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This Goes To 11 is a regular column hosted by Mark Dalbeth.

Mark was born in New Zealand and now lives in Los Angeles, and would be better known in Australia as having been part of the band Bellusira. Following his dreams, Mark moved to LA and has been working on Rav Medic plus an exciting new project he has in the works. As a performer, Mark has been the subject of many interviews and as a result of often being asked the same generic questions himself, has come on board with HEAVY and plans to conduct interviews with an edge.

No bullshit questions, no boring anecdotes and definitely no soft edges, “This Goes To 11” is a column where the musician finally gets to turn the tables with hard-hitting questions you won’t hear anywhere else.

In this instalment of “This Goes To 11” Mark chats with Joe Taback from American rock band Breaking In A Sequence. Based in Orange County, California the band also features David Silveria from Korn on drums. Joe is a prolific musician and has previously played in popular rock acts 12 Guage Embrace and Needlemouth

Pic credit: Jordan Sassone


M.D: Let’s cut straight to it!

Your biggest fear right now with the music industry?


J.T: I would say my biggest fear in the current climate for music is that live shows and touring may not get back to its full potential with this pandemic.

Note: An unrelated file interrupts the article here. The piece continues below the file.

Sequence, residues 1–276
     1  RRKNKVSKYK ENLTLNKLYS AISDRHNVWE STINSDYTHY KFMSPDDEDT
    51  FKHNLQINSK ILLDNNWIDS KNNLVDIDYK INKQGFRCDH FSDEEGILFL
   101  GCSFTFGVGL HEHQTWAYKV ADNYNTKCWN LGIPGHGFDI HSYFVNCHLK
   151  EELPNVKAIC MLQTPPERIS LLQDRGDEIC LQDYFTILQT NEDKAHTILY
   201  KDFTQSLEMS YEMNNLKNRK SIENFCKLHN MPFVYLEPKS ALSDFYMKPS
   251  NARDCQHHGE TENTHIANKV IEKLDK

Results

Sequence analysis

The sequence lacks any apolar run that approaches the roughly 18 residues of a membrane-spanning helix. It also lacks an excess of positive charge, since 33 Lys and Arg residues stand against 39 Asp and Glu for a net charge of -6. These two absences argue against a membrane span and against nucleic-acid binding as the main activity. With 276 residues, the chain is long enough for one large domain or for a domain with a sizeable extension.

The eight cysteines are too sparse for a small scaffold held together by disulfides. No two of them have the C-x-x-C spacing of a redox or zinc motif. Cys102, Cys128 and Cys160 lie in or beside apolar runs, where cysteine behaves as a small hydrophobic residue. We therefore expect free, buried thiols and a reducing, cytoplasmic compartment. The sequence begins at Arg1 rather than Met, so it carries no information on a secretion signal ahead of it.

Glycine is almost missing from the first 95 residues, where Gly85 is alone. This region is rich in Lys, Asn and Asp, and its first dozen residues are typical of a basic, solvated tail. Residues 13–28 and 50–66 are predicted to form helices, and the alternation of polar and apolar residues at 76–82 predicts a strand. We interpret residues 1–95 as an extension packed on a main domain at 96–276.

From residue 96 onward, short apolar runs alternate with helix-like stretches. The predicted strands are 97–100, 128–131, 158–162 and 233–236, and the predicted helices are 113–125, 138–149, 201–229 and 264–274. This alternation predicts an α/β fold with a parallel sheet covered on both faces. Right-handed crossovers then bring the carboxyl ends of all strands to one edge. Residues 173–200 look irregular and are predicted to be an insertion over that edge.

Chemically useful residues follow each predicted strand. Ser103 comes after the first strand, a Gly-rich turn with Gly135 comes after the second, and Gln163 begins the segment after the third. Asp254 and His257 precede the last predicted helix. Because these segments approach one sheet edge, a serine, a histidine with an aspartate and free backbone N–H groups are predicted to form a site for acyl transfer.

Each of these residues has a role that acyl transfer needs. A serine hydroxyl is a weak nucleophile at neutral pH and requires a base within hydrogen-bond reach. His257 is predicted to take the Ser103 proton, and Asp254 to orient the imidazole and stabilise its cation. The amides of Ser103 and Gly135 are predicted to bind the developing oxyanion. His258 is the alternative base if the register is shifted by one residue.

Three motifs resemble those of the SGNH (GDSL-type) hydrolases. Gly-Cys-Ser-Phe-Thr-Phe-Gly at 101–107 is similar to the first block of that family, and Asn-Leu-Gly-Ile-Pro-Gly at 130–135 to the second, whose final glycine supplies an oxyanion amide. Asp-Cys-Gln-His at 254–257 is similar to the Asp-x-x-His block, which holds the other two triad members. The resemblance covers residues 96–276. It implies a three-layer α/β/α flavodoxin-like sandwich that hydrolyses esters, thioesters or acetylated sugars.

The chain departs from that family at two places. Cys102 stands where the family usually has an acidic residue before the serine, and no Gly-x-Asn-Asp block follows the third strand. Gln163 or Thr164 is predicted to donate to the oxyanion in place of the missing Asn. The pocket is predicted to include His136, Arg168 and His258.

Why do you think Rock Music is always the genre fighting for commercial acceptance?


I think rock music is fighting more for commercial acceptance these days because the music industry has focused more on pop. I think generations these days look for catchy hooks because that’s what the market is flooded with. I think there is a lot less emphasis on musical substance in rock, what the message may be about, where the music takes you emotionally & what the song may be about lyrically. At least in the United States, it seems most radio stations are going from rock to pop. It’s very unfortunate but sad and true. I am not discrediting pop art by any means. All musical art and artists are important, I just think rock falls by the wayside these days for some.


Was there a moment in your career that you thought about throwing it all in?


There has been plenty of times where I wanted to throw it all in, or give up on trying to do something musically. I’ve done it more than once actually but music is a part of me and I am miserable without it so it always draws me back in somehow. Being in a band can be hard, there’s different personalities, different beliefs, different ways of life but at the end of the day I realize all of those things contribute to the art that you end up making together. To me that is priceless, the magic that happens ends up being worth it to me more than not having music at all I get to leave my stamp with people I like to create with and that will always be there forever.